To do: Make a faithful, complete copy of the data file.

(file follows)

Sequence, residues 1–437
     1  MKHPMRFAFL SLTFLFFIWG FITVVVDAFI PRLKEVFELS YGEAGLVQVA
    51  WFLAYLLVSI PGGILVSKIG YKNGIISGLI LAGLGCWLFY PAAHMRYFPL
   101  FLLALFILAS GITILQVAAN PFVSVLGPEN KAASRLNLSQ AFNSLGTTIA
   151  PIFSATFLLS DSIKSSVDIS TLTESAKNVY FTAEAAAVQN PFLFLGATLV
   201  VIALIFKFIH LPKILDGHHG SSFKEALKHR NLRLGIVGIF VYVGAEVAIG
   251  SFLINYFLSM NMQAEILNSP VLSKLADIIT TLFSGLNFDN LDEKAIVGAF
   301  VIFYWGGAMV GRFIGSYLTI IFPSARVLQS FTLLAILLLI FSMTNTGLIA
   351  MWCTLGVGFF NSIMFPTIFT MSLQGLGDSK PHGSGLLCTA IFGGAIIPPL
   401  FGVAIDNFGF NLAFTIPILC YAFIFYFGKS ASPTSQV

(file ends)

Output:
Sequence, residues 1–437
     1  MKHPMRFAFL SLTFLFFIWG FITVVVDAFI PRLKEVFELS YGEAGLVQVA
    51  WFLAYLLVSI PGGILVSKIG YKNGIISGLI LAGLGCWLFY PAAHMRYFPL
   101  FLLALFILAS GITILQVAAN PFVSVLGPEN KAASRLNLSQ AFNSLGTTIA
   151  PIFSATFLLS DSIKSSVDIS TLTESAKNVY FTAEAAAVQN PFLFLGATLV
   201  VIALIFKFIH LPKILDGHHG SSFKEALKHR NLRLGIVGIF VYVGAEVAIG
   251  SFLINYFLSM NMQAEILNSP VLSKLADIIT TLFSGLNFDN LDEKAIVGAF
   301  VIFYWGGAMV GRFIGSYLTI IFPSARVLQS FTLLAILLLI FSMTNTGLIA
   351  MWCTLGVGFF NSIMFPTIFT MSLQGLGDSK PHGSGLLCTA IFGGAIIPPL
   401  FGVAIDNFGF NLAFTIPILC YAFIFYFGKS ASPTSQV